Urban planning is a branch of architecture that focuses on organizing metropolitan areas. Made up of several different fields, from engineering to social science, this practice was developed to correct problems caused by cities expanding spontaneously, without planning. At its core, city planning aims to provide a safe, organized, and enjoyable home and work life for residents of both new and established towns. Today, some of the largest concerns of urban planning are building locations, zoning, transportation, and how a town or city looks. Planners also try to eliminate run down areas and prevent their development, as well preserve the natural environment of the area.
Becoming an Urban Planner
While there are many professionals who specialize in either fixing issues in existing developments or designing new ones, urban planning is usually executed by a group of individuals with specific skills and backgrounds. Education systems all over the world offer courses specifically for certification in this field, however, and typically give students a background in the cultural, economic, legal, and other elements that go into the development of cities. Outside of this specific certification, architects and those in various divisions of engineering work in this field, as do those with business knowledge, social scientists, and environmentalists. In addition to this, people with degrees in botany and landscape design are also highly valued.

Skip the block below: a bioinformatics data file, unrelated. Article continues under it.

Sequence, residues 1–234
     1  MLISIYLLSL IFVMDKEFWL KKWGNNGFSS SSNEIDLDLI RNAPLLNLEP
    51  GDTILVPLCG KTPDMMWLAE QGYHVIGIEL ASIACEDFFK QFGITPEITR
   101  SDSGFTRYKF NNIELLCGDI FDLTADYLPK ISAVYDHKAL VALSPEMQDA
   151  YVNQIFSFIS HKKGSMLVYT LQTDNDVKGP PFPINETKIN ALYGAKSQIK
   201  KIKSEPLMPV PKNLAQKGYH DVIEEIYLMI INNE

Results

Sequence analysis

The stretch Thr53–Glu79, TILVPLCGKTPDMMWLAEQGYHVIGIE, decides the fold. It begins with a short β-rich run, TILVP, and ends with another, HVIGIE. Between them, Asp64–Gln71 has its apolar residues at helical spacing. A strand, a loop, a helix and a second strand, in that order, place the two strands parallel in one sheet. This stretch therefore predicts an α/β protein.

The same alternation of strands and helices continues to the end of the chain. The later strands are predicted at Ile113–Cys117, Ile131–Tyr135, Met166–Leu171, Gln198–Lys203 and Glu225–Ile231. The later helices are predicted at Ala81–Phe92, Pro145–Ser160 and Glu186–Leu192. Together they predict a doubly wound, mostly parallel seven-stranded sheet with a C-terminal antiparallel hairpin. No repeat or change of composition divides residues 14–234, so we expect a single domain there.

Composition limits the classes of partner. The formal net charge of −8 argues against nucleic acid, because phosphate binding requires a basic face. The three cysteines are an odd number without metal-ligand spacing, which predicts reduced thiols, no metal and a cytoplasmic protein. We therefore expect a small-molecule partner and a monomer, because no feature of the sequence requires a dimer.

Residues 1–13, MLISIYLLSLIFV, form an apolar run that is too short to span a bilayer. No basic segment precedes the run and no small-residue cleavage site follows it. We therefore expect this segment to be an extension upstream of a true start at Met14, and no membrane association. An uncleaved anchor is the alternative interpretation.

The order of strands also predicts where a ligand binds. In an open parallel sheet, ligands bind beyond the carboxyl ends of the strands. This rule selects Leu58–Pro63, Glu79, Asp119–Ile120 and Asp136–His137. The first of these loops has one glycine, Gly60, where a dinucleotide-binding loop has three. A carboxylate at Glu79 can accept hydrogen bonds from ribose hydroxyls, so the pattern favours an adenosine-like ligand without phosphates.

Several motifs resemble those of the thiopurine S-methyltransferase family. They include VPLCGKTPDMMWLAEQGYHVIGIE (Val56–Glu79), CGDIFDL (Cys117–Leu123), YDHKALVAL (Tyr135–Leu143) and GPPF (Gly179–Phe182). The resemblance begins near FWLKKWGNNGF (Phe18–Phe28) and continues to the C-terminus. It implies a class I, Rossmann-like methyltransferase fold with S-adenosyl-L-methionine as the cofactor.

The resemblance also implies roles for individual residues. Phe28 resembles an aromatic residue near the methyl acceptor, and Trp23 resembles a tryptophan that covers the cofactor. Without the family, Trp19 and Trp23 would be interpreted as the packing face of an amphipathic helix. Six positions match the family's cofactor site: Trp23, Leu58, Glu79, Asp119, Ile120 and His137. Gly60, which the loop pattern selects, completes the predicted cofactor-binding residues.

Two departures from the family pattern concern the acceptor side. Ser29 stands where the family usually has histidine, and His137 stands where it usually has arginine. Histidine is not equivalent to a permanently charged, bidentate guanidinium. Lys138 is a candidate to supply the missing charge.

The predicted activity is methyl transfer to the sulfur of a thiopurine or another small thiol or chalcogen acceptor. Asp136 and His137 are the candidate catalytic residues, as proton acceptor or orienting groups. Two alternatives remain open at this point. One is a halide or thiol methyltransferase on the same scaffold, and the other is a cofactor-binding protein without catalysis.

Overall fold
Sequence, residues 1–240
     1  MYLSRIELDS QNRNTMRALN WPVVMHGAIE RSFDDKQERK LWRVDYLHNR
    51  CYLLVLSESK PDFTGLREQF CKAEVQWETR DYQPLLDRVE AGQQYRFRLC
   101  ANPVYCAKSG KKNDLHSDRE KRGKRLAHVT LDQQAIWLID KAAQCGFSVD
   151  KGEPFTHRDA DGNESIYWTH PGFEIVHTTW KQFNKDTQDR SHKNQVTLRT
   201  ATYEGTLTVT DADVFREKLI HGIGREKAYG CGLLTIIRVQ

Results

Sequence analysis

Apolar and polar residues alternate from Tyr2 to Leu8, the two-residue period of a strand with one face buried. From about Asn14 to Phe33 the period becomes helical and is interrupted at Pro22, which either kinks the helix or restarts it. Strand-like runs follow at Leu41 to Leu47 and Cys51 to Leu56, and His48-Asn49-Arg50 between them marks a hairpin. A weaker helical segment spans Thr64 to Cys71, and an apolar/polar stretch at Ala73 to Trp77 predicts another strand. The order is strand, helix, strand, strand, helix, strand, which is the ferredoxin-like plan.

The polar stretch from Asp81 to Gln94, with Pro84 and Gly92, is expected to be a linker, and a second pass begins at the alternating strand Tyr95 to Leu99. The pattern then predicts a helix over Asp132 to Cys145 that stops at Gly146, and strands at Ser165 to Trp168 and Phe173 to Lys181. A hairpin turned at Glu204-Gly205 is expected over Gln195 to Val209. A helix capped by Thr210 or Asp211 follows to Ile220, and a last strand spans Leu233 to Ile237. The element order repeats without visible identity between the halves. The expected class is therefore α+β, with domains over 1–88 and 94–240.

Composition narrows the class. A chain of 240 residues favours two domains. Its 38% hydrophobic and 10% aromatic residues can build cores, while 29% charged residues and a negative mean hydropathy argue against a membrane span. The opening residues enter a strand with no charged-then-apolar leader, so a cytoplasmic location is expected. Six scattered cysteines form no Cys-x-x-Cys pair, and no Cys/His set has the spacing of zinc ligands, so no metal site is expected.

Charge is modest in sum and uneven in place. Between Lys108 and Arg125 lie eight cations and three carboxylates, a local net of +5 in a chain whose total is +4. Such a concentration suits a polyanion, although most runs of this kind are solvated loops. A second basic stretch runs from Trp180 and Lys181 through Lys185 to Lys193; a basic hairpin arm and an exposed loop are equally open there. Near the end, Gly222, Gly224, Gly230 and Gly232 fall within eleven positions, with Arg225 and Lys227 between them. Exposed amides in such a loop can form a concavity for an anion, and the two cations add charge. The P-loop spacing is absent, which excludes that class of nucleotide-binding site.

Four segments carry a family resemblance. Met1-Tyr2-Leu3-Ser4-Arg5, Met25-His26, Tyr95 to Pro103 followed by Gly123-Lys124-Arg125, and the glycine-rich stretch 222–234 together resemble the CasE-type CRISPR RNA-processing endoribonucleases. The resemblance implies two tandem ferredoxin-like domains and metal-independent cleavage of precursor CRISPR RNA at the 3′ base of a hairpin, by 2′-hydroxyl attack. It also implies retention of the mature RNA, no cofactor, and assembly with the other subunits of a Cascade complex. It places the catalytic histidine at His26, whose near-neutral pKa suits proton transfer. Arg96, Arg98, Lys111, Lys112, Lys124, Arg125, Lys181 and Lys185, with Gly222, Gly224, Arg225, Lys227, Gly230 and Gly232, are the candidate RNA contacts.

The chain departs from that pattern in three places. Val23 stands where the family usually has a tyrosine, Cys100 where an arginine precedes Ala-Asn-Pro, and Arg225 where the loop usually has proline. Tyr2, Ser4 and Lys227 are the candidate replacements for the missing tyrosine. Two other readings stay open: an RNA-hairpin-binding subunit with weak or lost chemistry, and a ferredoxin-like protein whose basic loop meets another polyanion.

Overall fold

How the Field Developed
Like most disciplines, urban planning developed to solve a problem. Prior to the mid-19th century, metropolitan areas were created as existing towns spread out; London, Paris, and Tokyo started out as small towns and simply kept getting bigger as more people moved to them. The addresses and streets in the older sections of these cities can be confusing, even to natives, because they were established with little thought as to how the area might change and grow in the future. While people have always engaged in some type of town or city organization, whether settling near a body of water or on higher ground for self-defense, the late 19th century is when modern urban planning began to develop.
The lack of organization in housing areas, industrial sections, and the placement of hospitals and schools often created problems for the safety and health of residents in older cities. Architects and engineers, in partnership with their local government, began planning ways to solve these problems in existing urban areas, and to prevent them from developing in new areas. While finding solutions for existing situations in cities is often more complicated than planning a new city or urban area from scratch, both are equally important parts of the field.
Building Locations and Zoning
The location of buildings, coupled with designating certain areas of a city for specific purposes (i.e., residential zones, commercial areas, and industrial sections), is extremely important in urban planning. For example, the majority of parents do not want their children's playground right next to a water treatment plant, and having a hospital in a central location can literally save lives. In order for law enforcement personnel to be effective, they need to be able to get anywhere in the city within minutes. This means stations need to be both centrally located and scattered throughout the area, and that roads should be designed to make getting anywhere fast as easy as possible. Good urban planning takes all of these and many more factors into consideration when choosing the locations for buildings, and sets up appropriate zones accordingly.